When flesh and blood meet bronze and marble

Sex, gender, race and ethnicity in contemporary protest art

[blood/red paint on white background]
[At left: Photo of Darializa Avila-Chevalier, Jewel Cadet, Alexis Yeboah-Kodie, and Jamilah Felix, in hospital gowns stained red as if bloody, in front of the statue of J. Marion Sims, Central Park, New York City, by Keegan Stephan via Twitter, in The Architect’s Newspaper, 1/12/2018. At right: (top) Courtney Miller, Grand Traverse Band Chippewa; Teia McGahey, Anishinaabe and Mexican (bottom, left); Hadassah Greensky, Little Traverse Bay Bands Odawa (bottom center); Joelle Joyner, Kauwetsàka/Cherokee (bottom right). Women are in traditional clothing, one atop and three in front of the pedestal where a bust of Christopher Columbus formerly stood, Detroit, Michigan, photo by Rosa Maria Zamarron, 7/1/2020]
Nor do [at left: a maquette of the proposed sculpture of Susan B. Anthony and Elizabeth Cady Stanton with a list of other women who helped advance the cause, photo by Glenn Castellano/New-York Historical Society; at right: current rendering, photo by Monumental Women]

J. Marion Sims, the physician-torturer of enslaved Black women

While the Central Park monument to women’s suffrage will endure, offend (almost) no one, and no doubt be seen by many of the 38 million people each year who visit the most-visited urban park in the U.S., it does not compare in power and artistic bravery to the J. Marion Sims protest put on by the Black Youth Project 100 (BYP100).

[BYP100 photo of of Darializa Auila-Chevalier, Jewel Cadet, Alexis Yeboah-Kodie, and Jamilah Felix, standing in front of the J. Marion Sims memorial, in hospital gowns stained red in the genital/abdominal area, as if with blood]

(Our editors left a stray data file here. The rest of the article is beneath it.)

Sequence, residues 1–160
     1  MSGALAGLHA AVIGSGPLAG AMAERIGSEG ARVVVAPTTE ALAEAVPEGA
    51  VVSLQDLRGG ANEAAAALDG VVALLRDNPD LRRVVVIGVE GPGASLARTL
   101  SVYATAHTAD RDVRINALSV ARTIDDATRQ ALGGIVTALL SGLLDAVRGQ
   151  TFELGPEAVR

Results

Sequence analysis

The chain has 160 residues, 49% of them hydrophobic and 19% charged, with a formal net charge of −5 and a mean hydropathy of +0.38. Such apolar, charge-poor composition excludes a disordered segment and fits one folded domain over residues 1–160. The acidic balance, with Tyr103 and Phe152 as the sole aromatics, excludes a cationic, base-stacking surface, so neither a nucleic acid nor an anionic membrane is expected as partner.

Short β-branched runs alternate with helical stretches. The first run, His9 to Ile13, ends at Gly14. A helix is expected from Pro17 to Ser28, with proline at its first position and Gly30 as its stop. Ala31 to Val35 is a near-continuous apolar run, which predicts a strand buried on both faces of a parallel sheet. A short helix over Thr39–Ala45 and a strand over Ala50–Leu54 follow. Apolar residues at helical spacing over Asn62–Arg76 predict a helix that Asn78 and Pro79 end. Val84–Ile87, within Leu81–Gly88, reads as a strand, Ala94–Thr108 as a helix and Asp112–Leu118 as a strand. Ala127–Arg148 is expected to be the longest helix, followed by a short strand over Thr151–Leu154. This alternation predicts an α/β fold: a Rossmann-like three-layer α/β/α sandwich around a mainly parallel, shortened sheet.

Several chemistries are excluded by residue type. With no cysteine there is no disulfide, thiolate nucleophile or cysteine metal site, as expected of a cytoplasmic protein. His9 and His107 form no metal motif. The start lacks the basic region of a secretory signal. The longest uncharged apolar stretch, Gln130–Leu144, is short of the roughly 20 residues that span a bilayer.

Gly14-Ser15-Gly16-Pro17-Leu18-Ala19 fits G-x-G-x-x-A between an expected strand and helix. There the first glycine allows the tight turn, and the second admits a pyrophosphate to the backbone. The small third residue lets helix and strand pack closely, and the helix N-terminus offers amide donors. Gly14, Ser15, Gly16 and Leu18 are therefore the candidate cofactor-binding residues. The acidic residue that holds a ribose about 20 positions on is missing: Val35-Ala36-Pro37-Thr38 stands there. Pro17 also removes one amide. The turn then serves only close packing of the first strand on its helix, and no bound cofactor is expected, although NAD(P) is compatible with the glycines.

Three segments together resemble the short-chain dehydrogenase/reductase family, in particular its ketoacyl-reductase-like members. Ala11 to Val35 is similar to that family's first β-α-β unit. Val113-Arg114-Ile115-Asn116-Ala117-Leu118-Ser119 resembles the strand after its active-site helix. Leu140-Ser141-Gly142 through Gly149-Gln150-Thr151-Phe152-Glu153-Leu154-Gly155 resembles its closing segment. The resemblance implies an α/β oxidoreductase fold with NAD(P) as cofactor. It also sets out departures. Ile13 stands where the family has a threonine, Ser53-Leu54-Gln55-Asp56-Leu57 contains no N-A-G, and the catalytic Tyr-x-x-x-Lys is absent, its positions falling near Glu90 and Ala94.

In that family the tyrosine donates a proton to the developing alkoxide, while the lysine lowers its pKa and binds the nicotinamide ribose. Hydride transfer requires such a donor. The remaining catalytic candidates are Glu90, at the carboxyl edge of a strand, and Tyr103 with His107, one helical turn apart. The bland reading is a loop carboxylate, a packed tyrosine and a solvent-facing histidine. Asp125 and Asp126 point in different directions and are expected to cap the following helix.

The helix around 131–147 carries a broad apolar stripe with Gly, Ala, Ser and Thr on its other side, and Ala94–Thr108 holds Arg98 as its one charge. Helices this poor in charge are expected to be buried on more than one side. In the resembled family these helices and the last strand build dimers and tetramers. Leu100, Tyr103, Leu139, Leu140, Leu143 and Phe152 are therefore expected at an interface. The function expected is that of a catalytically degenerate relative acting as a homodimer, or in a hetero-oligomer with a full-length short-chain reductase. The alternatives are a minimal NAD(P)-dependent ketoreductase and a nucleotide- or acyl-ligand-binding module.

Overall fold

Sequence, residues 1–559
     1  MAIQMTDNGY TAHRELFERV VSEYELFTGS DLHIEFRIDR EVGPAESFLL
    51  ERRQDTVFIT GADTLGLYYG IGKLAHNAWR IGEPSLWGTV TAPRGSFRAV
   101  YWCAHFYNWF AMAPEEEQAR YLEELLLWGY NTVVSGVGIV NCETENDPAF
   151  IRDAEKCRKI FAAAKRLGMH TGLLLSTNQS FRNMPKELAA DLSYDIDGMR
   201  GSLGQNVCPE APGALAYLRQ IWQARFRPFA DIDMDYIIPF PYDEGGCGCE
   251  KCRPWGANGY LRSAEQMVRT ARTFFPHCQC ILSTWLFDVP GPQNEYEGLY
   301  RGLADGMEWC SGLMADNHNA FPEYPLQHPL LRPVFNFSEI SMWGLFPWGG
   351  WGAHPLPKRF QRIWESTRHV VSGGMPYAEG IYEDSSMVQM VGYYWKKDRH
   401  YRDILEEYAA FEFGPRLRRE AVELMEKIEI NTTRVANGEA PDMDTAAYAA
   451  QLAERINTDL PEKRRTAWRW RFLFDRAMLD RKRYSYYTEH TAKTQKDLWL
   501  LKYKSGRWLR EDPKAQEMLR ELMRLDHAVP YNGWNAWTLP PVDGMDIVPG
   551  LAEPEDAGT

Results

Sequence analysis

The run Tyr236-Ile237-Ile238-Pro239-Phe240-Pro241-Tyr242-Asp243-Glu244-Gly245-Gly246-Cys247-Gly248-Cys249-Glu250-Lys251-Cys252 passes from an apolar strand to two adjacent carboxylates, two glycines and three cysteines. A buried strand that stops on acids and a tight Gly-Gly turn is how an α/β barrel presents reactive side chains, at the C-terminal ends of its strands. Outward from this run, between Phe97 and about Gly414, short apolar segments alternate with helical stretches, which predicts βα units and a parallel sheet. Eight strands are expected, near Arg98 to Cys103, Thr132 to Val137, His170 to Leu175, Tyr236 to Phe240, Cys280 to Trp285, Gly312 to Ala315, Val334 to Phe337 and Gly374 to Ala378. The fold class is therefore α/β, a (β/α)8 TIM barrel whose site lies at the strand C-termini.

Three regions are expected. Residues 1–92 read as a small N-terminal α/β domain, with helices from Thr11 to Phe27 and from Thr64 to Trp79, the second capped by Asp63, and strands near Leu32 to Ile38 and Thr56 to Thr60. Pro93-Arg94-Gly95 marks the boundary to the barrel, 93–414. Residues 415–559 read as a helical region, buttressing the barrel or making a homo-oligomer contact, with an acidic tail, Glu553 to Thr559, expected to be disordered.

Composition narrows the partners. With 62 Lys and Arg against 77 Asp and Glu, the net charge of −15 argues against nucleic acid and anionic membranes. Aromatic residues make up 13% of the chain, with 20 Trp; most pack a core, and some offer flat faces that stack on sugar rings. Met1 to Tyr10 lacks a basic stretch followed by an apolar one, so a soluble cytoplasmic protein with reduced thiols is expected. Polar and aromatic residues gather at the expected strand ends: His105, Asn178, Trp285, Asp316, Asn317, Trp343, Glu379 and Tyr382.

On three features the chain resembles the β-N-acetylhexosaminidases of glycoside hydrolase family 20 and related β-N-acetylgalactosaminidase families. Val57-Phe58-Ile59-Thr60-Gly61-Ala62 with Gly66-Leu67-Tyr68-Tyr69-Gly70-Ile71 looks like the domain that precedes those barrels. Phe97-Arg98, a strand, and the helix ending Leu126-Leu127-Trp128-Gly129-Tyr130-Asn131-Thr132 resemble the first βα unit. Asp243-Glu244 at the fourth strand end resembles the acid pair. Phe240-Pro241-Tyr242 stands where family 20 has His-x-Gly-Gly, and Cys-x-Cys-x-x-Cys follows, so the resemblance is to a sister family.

[Robert Thom, “J. Marion Sims: Gynecologic Surgeon,” ca. 1952, for the series “Great Moments in Medicine”]
[Marshall Bouldin III, “Medical Giants of Alabama” (1982), showing, from five physicians, left to right, Tinsley Harrison, William Gorgas, Champ Lyons, J. Marion Sims, and Lister Hill, and the patient, Anarcha.]
[J. Marion Sims memorial pedestal only (at left), photo by Sophie Putka for City Limits, 1/4/2010; at right, detail of plaque.]

Indigenous reappropriation of monuments to Christopher Columbus

[Christopher Columbus monument in Detroit, Michigan. At left: Photo by Daniel Wright, At right: Photo by Rosa Maria Zammaron, The Waawiiyaatanong Resurgence, 7/1/2020]
[Bust of Christopher Columbus, Detroit, Michigan, prior to its removal on June 15, 2020]
[Bust of Christopher Columbus with red paint and ax affixed to forehead. Photo by Daniel Bethencourt, Detroit Free Press, 10/12/2015]
[Bust of Christopher Columbus with cardboard sign, reading in red letters, “LOOTER RAPIST SLAVE TRADER/DEBWEN MAADASH GE GWAYA DA WIINDMAGE,” photo by M.L. Elrick, Detroit Free Press, 6/11/2020]
[Pedestal only of Christopher Columbus monument, Detroit, Michigan. Photo by John T. Greilick, The Detroit News]
[At left: Lawrence Alma-Tadema, The vintage festival(1871); center and right: preparation for 2019 Pageant of the Masters in Laguna Beach, California; center: photo by Mary Hurlbut, Stu News Laguna, 6/18/19; at right: photo by Don Leach, staff photographer, L.A. Times, 6/13/2019]
[Upper left: Olga Desmond, ca. 1908; upper right: Contraband Entertainment and Events Agency; lower left and right: Don McLeod]

law professor, amateur acrobat, gadfly, baker @Lawprofdiane

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